(this was my headline. I’ve always wanted to use a Cory Schneider pun like that. So I did.)
Sometimes, a goaltender can steal a game. In a nutshell, that’s what Cory Schneider did to the Devils on a night where the Devils dramatically outplayed the defending Western Conference champions. The Devils weren’t completely crisp with their passing throughout the game, and they were sloppy at times, but for the most part, it was Schneider that handed the Devils just their second regulation loss since the All-Star break. Vancouver also blocked more shots (and intercepted more passes), and won more face-offs than the Devils (42-19).
Vancouver also got off to a strong start to this game, which may have surprised the Devils, since the Canucks played an intense, close game in Detroit the night before. Vancouver outshot the Devils, 6-2 at the beginning of the game, including their first goal of the game, which came from Aaron Rome’s rebound shot off a Chris Tanev shot. Following the goal, the Devils registered the final six shots of the period, but Schneider stopped them all.
On the first shot of the second period, Vancouver doubled their lead, on what would be the game-winning goal. David Booth dropped the puck back to Mason Raymond from the right circle, and he beat Martin Brodeur cleanly. Later in the period, though, the Devils would get on the board. Patrik Elias faked a shot on a 2-on-1, and sent it across the David Clarkson. The puck appeared to re-direct past Schneider after hitting multiple players’ skates, including Clarkson. The goal was reviewed, but it counted. That was the only puck that beat Schneider all night.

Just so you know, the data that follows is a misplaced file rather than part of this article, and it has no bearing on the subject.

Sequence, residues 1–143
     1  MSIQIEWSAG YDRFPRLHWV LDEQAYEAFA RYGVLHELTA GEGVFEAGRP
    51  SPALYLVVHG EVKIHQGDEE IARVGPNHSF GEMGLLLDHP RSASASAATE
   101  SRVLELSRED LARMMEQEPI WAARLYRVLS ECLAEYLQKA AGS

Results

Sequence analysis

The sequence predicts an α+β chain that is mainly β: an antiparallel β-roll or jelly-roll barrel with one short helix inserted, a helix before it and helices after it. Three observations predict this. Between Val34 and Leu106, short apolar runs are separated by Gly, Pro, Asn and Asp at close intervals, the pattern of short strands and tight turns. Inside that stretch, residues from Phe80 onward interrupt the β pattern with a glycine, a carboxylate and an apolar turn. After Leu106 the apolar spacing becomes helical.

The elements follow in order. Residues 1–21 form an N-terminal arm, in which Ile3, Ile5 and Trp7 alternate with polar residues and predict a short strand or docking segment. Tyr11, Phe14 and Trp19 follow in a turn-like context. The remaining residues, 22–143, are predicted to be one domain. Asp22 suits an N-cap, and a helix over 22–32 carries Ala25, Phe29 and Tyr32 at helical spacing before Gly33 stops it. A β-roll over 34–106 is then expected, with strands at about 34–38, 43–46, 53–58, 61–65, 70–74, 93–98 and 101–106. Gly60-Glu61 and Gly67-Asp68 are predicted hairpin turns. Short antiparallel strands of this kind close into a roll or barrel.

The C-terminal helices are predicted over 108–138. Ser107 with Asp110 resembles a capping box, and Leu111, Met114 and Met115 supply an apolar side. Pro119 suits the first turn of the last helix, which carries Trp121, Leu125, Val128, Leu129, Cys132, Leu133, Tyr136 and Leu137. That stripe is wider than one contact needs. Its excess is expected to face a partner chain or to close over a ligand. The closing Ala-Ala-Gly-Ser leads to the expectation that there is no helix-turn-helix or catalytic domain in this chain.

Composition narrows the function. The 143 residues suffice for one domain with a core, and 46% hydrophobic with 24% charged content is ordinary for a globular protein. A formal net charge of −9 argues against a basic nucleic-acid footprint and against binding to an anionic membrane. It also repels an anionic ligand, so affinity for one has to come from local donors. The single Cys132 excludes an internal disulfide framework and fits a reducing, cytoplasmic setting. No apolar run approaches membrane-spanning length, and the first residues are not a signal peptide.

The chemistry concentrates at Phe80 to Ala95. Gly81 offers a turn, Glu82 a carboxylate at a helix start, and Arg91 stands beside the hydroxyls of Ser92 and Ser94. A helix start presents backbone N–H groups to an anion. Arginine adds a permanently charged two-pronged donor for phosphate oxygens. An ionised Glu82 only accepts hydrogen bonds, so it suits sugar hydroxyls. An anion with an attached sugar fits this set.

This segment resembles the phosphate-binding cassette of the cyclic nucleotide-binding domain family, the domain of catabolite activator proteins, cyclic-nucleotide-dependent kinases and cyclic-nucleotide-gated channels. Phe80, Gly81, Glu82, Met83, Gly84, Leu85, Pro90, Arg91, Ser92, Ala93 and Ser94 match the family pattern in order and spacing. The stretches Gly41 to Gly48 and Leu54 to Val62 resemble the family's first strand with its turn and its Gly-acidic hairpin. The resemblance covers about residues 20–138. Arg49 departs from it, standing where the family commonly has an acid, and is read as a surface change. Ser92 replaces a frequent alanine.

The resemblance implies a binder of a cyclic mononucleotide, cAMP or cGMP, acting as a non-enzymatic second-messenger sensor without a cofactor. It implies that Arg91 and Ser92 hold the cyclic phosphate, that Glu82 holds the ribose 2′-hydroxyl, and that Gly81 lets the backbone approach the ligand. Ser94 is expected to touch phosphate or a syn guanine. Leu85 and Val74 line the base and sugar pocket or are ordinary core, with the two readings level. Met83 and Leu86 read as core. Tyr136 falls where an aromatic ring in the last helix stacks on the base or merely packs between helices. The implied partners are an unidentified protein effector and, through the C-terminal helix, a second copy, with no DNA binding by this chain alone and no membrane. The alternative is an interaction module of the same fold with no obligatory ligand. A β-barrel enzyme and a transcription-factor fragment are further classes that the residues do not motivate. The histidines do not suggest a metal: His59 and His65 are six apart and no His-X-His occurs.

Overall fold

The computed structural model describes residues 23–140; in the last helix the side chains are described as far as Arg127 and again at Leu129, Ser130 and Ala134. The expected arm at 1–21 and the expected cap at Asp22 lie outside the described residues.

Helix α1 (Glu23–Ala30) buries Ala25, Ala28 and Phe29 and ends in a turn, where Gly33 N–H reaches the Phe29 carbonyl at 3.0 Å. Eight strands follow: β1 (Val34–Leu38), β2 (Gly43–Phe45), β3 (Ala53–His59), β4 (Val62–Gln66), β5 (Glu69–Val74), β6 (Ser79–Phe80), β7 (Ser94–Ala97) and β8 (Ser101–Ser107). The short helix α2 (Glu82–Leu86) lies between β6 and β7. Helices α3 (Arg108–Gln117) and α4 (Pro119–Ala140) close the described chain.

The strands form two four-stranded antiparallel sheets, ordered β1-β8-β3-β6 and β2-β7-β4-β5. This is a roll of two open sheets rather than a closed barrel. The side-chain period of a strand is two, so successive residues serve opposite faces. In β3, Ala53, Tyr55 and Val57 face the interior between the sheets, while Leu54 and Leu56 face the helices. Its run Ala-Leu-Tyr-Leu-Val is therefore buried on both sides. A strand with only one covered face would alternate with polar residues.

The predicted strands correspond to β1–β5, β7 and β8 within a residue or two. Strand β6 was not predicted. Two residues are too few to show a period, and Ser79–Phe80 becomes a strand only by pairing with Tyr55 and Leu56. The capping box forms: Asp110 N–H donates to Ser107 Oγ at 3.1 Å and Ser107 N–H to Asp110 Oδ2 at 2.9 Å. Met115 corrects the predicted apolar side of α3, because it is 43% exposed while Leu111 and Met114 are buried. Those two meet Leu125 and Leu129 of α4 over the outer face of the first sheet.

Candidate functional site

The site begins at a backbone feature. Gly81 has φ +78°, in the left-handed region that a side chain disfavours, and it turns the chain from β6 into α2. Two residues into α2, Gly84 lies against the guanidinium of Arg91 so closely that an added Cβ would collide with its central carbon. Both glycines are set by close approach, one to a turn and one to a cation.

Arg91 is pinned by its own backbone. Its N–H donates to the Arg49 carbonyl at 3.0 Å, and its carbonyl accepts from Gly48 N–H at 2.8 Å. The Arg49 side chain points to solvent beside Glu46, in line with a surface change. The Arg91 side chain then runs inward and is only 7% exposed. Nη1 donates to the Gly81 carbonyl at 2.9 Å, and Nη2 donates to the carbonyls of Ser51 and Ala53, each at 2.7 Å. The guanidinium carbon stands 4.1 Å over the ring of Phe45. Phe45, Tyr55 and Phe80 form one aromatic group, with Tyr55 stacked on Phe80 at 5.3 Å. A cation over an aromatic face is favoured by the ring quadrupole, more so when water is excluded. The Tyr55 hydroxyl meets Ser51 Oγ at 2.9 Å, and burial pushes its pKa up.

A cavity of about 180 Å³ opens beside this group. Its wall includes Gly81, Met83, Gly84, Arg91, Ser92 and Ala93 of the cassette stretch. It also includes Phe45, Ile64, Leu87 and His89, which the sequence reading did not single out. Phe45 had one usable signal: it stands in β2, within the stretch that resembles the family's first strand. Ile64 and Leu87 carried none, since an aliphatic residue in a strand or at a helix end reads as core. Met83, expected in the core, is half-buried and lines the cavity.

Over the final two periods, the Devils had 23 shots to the Canucks’ 10, but Cory Schneider simply dominated the Devils. His rebound control was excellent, as the Devils were unable to get to the few rebounds he allowed. The Vancouver defensemen also got their sticks in passing and shooting lanes to restrict the Devils’ offensive options. When they had chances, they were either couldn’t connect on a pass or had it knocked away by a Canucks player. The microcosm of their frustrating night was when it looked as if Ilya Kovalchuk would have himself a breakaway, but he couldn’t settle the puck down. Schneider finished with 30 saves.
Although the Devils played a decent all-around game tonight, especially when you consider that they shut down the Sedin-line for most of the night (Sedin-Sedin-Burrows were held to two combined shots), they were exposed in an area that has haunted them many times this season: their inability to win face-offs when they need them. Of course, Travis Zajac, Adam Henrique and Jacob Josefson have all missed significant time this season, but Zajac’s loss hurts the most. Zajac, when healthy, is one of the best face-off men in the league. Besides Zajac, the Devils don’t have anyone who can be counted on to take face-offs.
Patrik Elias leads the Devils, as he’s taken 1,042 draws this season. He’s only won 43.8% of them. Adam Henrique has won 48.9% of his draws, Dainius Zubrus is at 43.6% and Josefson is barely over 47%. It’s also worth noting that Pete DeBoer has David Clarkson take many of the face-offs on the power play, yet Clarkson’s face-off percentage is a mere 39.4% this season. On the flip side, Vancouver centers dominated the face-off circle all night. Including the Devils power play late in the second period, center Manny Malhotra won six consecutive face-offs during the game tonight, and 12 of 18 overall. Ryan Kesler won 12 of 20, Henrik Sedin won 7 of 10 and Cody Hodgson won 5 of 6. The Devils simply had no answer for the Canucks’ centers.